In recent years “BODIES… The Exhibition” has been touring all across North America, from Winnipeg to Tampa, from Albuquerque to Quebec City.
From its title you might think it’s a waxworks display like Madame Tussaud’s – or maybe soft-core porn parading as art.
But this exhibit – which pretends to be cultural and educational – is more than nudity, more than anatomical display. Much more.
It’s a display of naked human cadavers – real cadavers – many of them dissected, and preserved by using transparent liquid silicone rubber.
You can see a cadaver playing basketball, you can see one conducting an orchestra. You also get to see various body systems (digestive, urinary, reproductive, etc.). You see body parts, and organs, and fetuses (unborn babies), all real, all dead.
If this exhibit were installed in a medical school, for the education of medical students, there would be no problem. But it’s aggressively marketed to the public, including elementary school children taken on a “field trip.” Instead of looking at Monet and Matisse, they’re exposed to real corpses.
Naturally (according to Premier Exhibitors, Inc., the promoters) this is “an educational experience” that you can “celebrate,” that will “enlighten, inform, inspire.”
In truth it’s more like a “snuff film,” both pornographic and ghoulish.
Since these are real human bodies, the question arises: who are they, who were they? Where do they come from?
Answer: the cadavers were “donated” by China. Does this mean the men and women whose bodies are on display donated them for this purpose, much as many of us donate our organs for medical purposes upon death? I’m afraid not.
The exhibitor discreetly informs us that “the bodies were not formally donated by people who agreed to be displayed.”
Formally? Are we to infer from this that it was all agreed to on a handshake?
No, the Chinese government claims these are people who died having no close kin to claim the body. Unfortunately there’s no documentation to support this.
As a result, it’s widely believed by human rights activists (such as Harry Wu, who spent 19 years in a Chinese labor camp) that these are the bodies of Chinese prisoners, prisoners who may have been tortured and executed by the government.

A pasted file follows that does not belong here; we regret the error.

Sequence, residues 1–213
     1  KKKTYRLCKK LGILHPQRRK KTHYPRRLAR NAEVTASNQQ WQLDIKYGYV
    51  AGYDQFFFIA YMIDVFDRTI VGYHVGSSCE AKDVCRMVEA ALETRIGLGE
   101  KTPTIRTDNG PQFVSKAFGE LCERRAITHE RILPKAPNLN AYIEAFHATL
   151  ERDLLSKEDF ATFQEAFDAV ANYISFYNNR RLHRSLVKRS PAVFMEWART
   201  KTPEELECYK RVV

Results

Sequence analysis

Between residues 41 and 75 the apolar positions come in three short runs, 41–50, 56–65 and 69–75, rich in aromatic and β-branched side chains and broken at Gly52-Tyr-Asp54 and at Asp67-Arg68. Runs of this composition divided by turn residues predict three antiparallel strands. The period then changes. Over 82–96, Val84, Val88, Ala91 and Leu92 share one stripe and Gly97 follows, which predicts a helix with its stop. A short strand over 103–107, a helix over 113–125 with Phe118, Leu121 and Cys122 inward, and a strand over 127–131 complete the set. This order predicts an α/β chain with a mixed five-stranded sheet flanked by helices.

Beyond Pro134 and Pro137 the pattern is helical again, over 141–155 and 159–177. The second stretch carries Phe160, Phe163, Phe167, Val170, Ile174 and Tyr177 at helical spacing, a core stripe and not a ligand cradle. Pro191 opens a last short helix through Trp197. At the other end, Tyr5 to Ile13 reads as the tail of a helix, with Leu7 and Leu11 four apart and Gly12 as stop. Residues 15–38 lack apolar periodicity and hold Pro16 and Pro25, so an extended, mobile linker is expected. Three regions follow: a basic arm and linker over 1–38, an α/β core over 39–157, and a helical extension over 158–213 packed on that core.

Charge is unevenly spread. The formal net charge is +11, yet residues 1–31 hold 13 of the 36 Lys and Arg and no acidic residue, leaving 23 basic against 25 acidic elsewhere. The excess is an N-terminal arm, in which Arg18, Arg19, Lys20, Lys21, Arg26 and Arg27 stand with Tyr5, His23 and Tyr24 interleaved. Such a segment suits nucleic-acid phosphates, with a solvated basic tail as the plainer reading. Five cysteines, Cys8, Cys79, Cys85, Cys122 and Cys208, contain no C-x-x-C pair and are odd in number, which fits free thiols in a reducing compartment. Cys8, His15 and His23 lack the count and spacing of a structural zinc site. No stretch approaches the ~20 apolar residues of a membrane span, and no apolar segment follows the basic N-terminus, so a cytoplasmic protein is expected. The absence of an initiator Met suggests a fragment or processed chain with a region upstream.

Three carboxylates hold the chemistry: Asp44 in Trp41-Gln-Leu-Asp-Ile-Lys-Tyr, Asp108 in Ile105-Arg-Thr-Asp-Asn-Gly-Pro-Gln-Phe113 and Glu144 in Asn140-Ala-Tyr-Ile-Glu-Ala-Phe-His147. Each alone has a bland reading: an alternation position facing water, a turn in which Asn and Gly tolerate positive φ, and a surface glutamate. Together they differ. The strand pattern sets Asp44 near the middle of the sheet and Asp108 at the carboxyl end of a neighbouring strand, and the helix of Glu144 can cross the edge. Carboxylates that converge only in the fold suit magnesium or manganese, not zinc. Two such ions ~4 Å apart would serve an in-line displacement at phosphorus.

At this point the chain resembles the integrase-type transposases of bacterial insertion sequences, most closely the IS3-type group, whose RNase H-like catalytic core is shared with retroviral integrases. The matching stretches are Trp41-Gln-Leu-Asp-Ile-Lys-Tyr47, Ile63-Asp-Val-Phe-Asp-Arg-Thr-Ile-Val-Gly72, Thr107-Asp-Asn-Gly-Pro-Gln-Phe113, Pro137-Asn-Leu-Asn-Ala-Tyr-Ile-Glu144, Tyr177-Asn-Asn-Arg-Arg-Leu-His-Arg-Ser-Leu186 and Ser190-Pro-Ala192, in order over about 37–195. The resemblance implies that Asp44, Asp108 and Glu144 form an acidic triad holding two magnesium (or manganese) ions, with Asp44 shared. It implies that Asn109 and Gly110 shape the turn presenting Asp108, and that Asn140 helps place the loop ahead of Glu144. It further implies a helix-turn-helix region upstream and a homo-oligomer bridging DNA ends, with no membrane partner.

The Chinese treatment of prisoners is notorious. For example, there have long been serious charges of persecution of a Chinese religious movement, the Falun Gong, involving organ harvesting from live members. (See the report by former Canadian parliamentarian David Kilgour and human rights lawyer David Matas.)
This is why Premier Exhibitors, Inc., offers a disclaimer: “Premier relies solely on the representations of its Chinese partners and cannot independently verify that they (the bodies) do not belong to prisoners executed while incarcerated in Chinese prisons.”
This legal disclaimer is well advised. China, after all, is not only notorious for its cruelty to animals. It’s the land of the “one-child” policy and forced abortion, of brutal political and religious persecution and ethnic cleansing (ask the Tibetans and the Uighurs). It harvests organs on a massive scale for commercial purposes.
To understand who’s behind this, we’ve got to look deeper than Premier Exhibitors, Inc., deeper than China. The exhibitors are “businessmen” making a buck. And China is not yet in a position to directly attack American culture.
This exhibit is just one example of a much larger cultural attack that is carried out, not by China but by powerful forces that control our media, as well as our politics and finance.
This exhibit is not unique. We see the same thing in current films and TV shows, which in the past couple years have begun, unannounced, to routinely exhibit human corpses in grotesque and graphic ways.
For example, the characters in shows such as NCIS casually pick up and handle body parts from a cadaver being dissected in a lab, while the camera dwells on the grisly voyeuristic details.
These programs, and the traveling exhibit of human corpses, force us to focus on things that would naturally shock and repel us, in order to desensitize us. We are being conditioned to regard the human body as something that has no spiritual significance.
To display human corpses publicly is indecent. One of the fundamental things that makes us human rather than animals is that we bury our dead. To stare at dissected corpses draws us into the world of Jeffrey Dahmer, who preserved his victims’ body parts in his refrigerator. We become complicit in a satanic ritual.
A ritual that tells us more strongly than words can that man is just an animal and that death is the ultimate reality. That when we look at the corpses on display, we’re looking at ourselves.
Our hidden masters, the Illuminati, control us politically and financially. They dismantled American manufacturing and off-shored our jobs to China. They destroyed our economy well ahead of the financial crisis of ’08.
But to control us for the long run, they have to destroy our souls. They have to strip us of our sense of the sacred, of our faith. They have to degrade us.
This is the reason for the exhibit of the cadavers, and so much else. And this is the reason why our first line of defense must be to preserve and strengthen our spiritual lives. Only then will we have the strength to do what else will need to be done.
Rollin Stearns is a former book editor who lives in Maine.